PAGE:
STOCKMAKING HAS always fascinated me. Unlike most ingredient lists that require fresh food, the provisions assembled for the making of stock need not be market fresh. It is the more mature vegetables, meats and poultry that go into the process.
Stockmaking is a technique for extracting the juices of various foods and blending them with water. The classic procedure is to place some meat, an onion stuck with cloves, carrot scraps and some spices into a pot, covering the ingredients with cold water. Boil and skim for 15 minutes, then simmer for three hours. The liquid must be kept at a steady simmer during the entire three hours or the flavors will not be retained properly.
For a pot to retain the transmit heat evenly for a great length of time, it should have a thick face made of conductive material. Bones in the pot will sink to the bottom and if they are burned, even slightly, the stock will be ruined.
It is also wise to select a stock pot with a heavy bottom and lighter sides. Remember that a 10-quart stock pot filled with food and water will weigh over 25 pounds. If you can save some weight in the side it helps. That weight makes it important to have a good set of handles. They must be firmly attached, long enough to fit four fingers and far enough from the pot wall to allow fingers to fit full through the space even while using a thick pot holder or glove.
A stock pot must also be tall and narrow. The smaller the surface area of the liquid, the smaller the field for evaporation. The height also concentrates the food in a narrow tower. As the liquid bubbles up, there is a superior concentration of flavors.
I would not select a stock pot constructed of copper with either stainless steel or a tin wash lining. Though either would do an excellent job; sensitivity to heat and great conductivity are not essential requirements for the size of a stock pot. A good bottom is enough. The copper sides are a great expense without compensatory cooking advantages. I would also avoid stock pots of untreated aluminum. They tend to interact with high acid foods, causing pitting of the pot and discoloration of the food.
Stock pots start as small as four quarts and I recently used a 60-quart colossus. The 16-quart model seems to be adequate for most uses in my five-person family. Be realistic about selecting a proper size stock pot. Most stocks will only hold under refrigeration for three days.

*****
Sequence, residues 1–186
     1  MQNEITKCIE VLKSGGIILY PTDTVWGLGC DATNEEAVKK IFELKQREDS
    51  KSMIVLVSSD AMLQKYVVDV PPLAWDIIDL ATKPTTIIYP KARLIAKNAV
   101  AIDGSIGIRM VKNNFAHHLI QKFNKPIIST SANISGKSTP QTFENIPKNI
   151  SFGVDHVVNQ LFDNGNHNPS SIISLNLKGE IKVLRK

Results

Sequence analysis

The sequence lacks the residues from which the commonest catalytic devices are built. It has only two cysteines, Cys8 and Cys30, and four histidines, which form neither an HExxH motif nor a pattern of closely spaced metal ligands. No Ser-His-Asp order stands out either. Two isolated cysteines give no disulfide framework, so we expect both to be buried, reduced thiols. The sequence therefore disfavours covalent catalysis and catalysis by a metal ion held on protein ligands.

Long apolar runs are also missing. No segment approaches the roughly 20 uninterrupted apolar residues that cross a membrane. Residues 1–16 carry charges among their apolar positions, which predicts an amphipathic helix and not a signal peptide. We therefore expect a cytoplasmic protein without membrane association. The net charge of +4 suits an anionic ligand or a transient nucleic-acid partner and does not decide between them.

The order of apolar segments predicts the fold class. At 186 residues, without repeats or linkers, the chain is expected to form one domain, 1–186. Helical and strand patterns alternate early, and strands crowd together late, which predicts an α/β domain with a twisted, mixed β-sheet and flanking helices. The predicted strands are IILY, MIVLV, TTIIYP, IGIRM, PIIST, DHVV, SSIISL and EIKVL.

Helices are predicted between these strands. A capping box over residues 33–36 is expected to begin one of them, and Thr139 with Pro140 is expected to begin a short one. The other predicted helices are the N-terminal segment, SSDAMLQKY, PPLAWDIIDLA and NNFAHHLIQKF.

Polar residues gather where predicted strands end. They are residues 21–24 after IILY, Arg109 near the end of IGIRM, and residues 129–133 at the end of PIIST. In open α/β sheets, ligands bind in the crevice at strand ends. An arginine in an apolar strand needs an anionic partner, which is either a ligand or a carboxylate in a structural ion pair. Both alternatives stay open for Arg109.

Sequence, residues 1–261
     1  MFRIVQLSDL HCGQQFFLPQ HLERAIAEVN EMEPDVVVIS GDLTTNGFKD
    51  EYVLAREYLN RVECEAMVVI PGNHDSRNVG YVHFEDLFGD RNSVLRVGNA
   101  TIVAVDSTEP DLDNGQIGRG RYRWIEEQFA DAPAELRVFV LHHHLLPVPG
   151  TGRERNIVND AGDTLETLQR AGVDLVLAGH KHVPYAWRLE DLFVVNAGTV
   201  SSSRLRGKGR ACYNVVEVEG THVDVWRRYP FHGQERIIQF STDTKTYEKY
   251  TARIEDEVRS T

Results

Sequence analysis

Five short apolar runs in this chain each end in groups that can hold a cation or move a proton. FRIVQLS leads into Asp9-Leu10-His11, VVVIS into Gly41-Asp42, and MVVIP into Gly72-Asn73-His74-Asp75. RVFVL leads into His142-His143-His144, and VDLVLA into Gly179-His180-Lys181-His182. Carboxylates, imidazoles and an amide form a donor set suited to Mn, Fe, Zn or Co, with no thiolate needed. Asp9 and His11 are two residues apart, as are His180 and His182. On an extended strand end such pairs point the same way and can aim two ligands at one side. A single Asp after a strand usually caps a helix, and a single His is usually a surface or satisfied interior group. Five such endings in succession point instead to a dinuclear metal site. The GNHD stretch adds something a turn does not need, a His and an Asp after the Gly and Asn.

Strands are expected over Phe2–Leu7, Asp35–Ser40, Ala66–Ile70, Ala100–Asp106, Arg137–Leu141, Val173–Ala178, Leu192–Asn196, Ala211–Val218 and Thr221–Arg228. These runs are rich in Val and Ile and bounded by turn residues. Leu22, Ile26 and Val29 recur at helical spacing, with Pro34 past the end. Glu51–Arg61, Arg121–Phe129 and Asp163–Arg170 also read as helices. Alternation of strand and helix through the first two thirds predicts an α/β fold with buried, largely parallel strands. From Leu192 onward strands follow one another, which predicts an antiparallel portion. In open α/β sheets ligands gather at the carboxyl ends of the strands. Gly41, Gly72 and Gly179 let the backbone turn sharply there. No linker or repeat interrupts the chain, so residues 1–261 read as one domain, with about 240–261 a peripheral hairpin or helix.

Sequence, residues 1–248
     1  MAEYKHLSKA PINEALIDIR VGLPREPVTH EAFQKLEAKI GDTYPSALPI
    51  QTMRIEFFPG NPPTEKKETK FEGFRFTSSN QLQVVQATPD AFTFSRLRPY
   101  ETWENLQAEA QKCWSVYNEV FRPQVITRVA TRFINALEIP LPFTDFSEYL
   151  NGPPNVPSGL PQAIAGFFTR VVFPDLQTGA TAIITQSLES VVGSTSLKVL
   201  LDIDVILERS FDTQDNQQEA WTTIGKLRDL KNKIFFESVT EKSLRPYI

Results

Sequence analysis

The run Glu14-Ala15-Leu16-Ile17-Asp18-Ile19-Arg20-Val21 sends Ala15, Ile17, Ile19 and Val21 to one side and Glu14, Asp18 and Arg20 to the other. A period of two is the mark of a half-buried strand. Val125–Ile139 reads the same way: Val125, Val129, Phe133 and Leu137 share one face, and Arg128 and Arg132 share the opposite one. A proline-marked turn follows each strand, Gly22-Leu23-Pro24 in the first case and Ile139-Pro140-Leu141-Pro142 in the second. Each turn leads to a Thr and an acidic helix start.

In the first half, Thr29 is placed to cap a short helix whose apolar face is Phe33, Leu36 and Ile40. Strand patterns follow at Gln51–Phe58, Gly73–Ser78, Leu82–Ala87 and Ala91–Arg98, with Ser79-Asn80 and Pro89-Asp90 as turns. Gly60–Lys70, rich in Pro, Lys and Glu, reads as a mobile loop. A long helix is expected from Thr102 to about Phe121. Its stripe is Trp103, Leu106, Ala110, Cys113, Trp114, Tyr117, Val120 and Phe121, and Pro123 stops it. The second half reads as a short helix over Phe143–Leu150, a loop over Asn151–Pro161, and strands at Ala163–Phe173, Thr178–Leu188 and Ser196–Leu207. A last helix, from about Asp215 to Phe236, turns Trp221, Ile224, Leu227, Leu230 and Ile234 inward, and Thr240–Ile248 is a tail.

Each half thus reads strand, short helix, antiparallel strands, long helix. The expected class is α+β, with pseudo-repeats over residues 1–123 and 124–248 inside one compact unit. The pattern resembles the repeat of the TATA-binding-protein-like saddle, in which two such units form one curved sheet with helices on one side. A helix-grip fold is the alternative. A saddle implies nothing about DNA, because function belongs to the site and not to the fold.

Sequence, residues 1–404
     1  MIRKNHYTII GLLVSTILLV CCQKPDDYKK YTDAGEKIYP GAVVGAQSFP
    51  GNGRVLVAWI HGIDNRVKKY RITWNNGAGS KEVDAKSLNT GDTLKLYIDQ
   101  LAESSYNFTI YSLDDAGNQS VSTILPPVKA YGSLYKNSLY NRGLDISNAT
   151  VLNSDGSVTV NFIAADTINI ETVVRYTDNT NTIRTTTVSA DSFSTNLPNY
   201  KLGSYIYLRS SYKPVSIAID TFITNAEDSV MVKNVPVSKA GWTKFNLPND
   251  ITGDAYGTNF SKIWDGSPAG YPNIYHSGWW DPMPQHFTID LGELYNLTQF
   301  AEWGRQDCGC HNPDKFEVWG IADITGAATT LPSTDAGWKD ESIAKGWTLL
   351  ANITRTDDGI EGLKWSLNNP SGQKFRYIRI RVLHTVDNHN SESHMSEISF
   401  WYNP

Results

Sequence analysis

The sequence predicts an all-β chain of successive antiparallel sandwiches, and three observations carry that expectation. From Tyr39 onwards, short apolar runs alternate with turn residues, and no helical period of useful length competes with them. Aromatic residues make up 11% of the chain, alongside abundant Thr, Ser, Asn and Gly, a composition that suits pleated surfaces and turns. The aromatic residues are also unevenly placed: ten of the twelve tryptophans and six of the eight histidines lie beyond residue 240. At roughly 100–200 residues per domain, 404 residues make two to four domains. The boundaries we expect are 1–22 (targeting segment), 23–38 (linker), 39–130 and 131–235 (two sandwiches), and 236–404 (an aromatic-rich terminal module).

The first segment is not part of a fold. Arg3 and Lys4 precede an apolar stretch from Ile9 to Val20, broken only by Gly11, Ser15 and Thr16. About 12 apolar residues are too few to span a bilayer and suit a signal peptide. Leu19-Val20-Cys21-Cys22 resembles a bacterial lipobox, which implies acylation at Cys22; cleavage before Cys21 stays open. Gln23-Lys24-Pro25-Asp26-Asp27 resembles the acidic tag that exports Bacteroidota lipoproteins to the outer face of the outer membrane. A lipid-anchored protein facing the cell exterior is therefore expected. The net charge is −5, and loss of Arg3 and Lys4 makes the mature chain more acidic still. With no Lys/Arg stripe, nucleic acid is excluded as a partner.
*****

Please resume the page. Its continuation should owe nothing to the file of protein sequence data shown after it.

There are a number of manufacturers of commercial quality pots that produce stainless steel stock pots with aluminum slabs on the bottom to increase the base's heat sensitivity. Paderno is a fine example. It is not widely available and the 16.5-liter size costs $98.30.
Calphalon, made by the commercial aluminum company, has a stock pot series that ranges from an eight-quart pot retailing for $54 to a 16-quart pot with a price tag of $87.50. Calphalon is a satiny charcoal finish that eliminates the chemical problem of cooking with aluminum. It is an integral part of the metal, not a bonded surface, and will not interact with food. The bottom is thick enough to prevent scorching. The inside corners are rounded for easy cleaning and the handles are rivited to the pot and easily gripped.
Leyson is the name for a Calphalon-like finish used on pots made by Leyse. Their stock pots start at eight and a half quarts priced at $50.25 and go up to 16-quarts for $75.50. The handles are excellent.
Master Chef pots are constructed of an aluminum alloy on the outside, and interior surface of stainless steel with a core of pure aluminum sandwiched in the center. The aluminum core is not just on the bottom, it is part of the entire shell. The nickel-plated steel handles are of a decent size and attached by strong rivets. Their smallest stock pot is five quarts and sells for $44.50. Their largest is 16 quarts and has a suggested retail price of $109.
All three pots, Calphalon, Leyson and Master Chef, have lids that are sold separately. It is essential to have one for a stock pot.
Naturally a stock pot can be used for other dishes. They are perfect for most types of boiling and poaching, from chicken in the pot to soup and pasta.